Maryland Attorney General Doug Gansler said Lt. Gov. Anthony Brown, his rival for state governor, would be making a “mockery” of Maryland law if Brown’s running mate follows through with plans to solicit campaign funds during the session.
The letter was distributed Tuesday—one day before the Maryland General Assembly re-convened—and states:
“… we ask the Brown/Ulman ticket to respect not only the law but also the spirit of the 90-day fundraising ban and not accept donations during the upcoming legislative session.
“It is impossible to split a ticket in two. Half of a ticket continuing to raise money while the other half is barred from doing so makes a mockery of a law designed to prevent special interest money from influencing public officials as they make critical legislative decisions on the behalf of people who elected them.”
State law prohibits state office holders—which includes Brown, Gansler and Gansler’s running mate Del. Jolene Ivy—from asking for campaign funds during the 90-day legislative session.
But the State Board of Elections said it was OK for Brown's running mate Howard County Executive Ken Ulman to raise money during the session, The Washington Post has reported.
In a recent interview, Brown told The Washington Post that he planned to abide by the interpretation of the law offered by the elections board.
Here is the full text of the letter:
January 7, 2014
Dear Lieutenant Governor Brown and County Executive Ulman:
We are writing to you today not only as candidates on a joint ticket for governor and lieutenant governor, but as public servants elected to represent the people of Maryland; and we ask the Brown/Ulman ticket to respect not only the law but also the spirit of the 90-day fundraising ban and not accept donations during the upcoming legislative session.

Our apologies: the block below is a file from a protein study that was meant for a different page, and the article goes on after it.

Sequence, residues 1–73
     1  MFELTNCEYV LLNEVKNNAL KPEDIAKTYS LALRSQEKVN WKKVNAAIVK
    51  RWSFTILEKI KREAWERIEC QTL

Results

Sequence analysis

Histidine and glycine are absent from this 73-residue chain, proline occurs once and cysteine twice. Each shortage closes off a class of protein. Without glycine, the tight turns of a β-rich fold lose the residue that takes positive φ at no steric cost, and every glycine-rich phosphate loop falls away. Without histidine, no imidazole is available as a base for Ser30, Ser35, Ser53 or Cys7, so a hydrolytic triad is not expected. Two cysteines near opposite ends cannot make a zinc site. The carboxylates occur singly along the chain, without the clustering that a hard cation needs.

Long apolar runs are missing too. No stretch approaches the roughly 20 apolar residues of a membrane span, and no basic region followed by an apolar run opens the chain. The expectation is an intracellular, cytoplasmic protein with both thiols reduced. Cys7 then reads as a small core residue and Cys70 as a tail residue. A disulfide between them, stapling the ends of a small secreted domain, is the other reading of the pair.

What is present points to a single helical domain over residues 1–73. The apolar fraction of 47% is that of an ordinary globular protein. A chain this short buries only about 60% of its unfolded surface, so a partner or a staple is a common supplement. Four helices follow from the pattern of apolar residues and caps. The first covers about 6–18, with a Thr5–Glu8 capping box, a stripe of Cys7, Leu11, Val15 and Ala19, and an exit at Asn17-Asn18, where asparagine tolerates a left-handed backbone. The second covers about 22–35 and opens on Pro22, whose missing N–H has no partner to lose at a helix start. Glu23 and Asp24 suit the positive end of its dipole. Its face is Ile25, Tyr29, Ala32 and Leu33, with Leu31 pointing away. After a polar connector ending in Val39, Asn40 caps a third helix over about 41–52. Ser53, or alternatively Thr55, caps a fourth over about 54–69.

It is impossible to split a ticket in two. Half of a ticket continuing to raise money while the other half is barred from doing so makes a mockery of a law designed to prevent special interest money from influencing public officials as they make critical legislative decisions on the behalf of people who elected them.
Maryland’s 1997 campaign finance reform law, which banned statewide elected officials, state legislators and any “person acting on [their] behalf” from raising money during the state’s 90-day legislative session, closed the door on powerful moneyed interests who cut checks to influence votes on their favored legislation. It means to protect state lawmaking from the corrupting influence of special interest money. With your decision to game the system and continue raising money during session, you open the door back up to the influence peddlers.
Everyone who contributes to Mr. Ulman during the session knows that he is just one half of a two-person operation – that is why he is called a “running mate” – and so everyone knows that by financially supporting his candidacy, they are supporting your ticket. There can be no purpose to Mr. Ulman’s fundraising other than to advance your shared political future. Indeed, under the state constitution, he cannot run for lieutenant governor without the written consent of the gubernatorial candidate, and voters literally cannot vote for him without voting for Anthony Brown – your names are listed together on the ballot with just one box to check beside them.
Lobbyists now know that if they want to use their money to help shape Mr. Brown’s legislative agenda and sway votes on key bills, they can give it to Mr. Ulman for safekeeping. This clearly thwarts the intent of thefundraising ban, erodes our state’s efforts to keep our lawmaking clean, and substantially undermines the public’s confidence in their elected representatives.
We need to keep our legislative process as free as possible from the undue influence of special interest money, as the 90-day ban has helped us to do for most of its history. The best way for you to honor the spirit of that ban and respect the people of Maryland is to apply it to your ticket, even if the law technically allows you to skirt it, which we do not believe it does. This is the only way to ensure that the people of Maryland take precedence over special interests in Annapolis this session.
Douglas Gansler and Jolene Ivey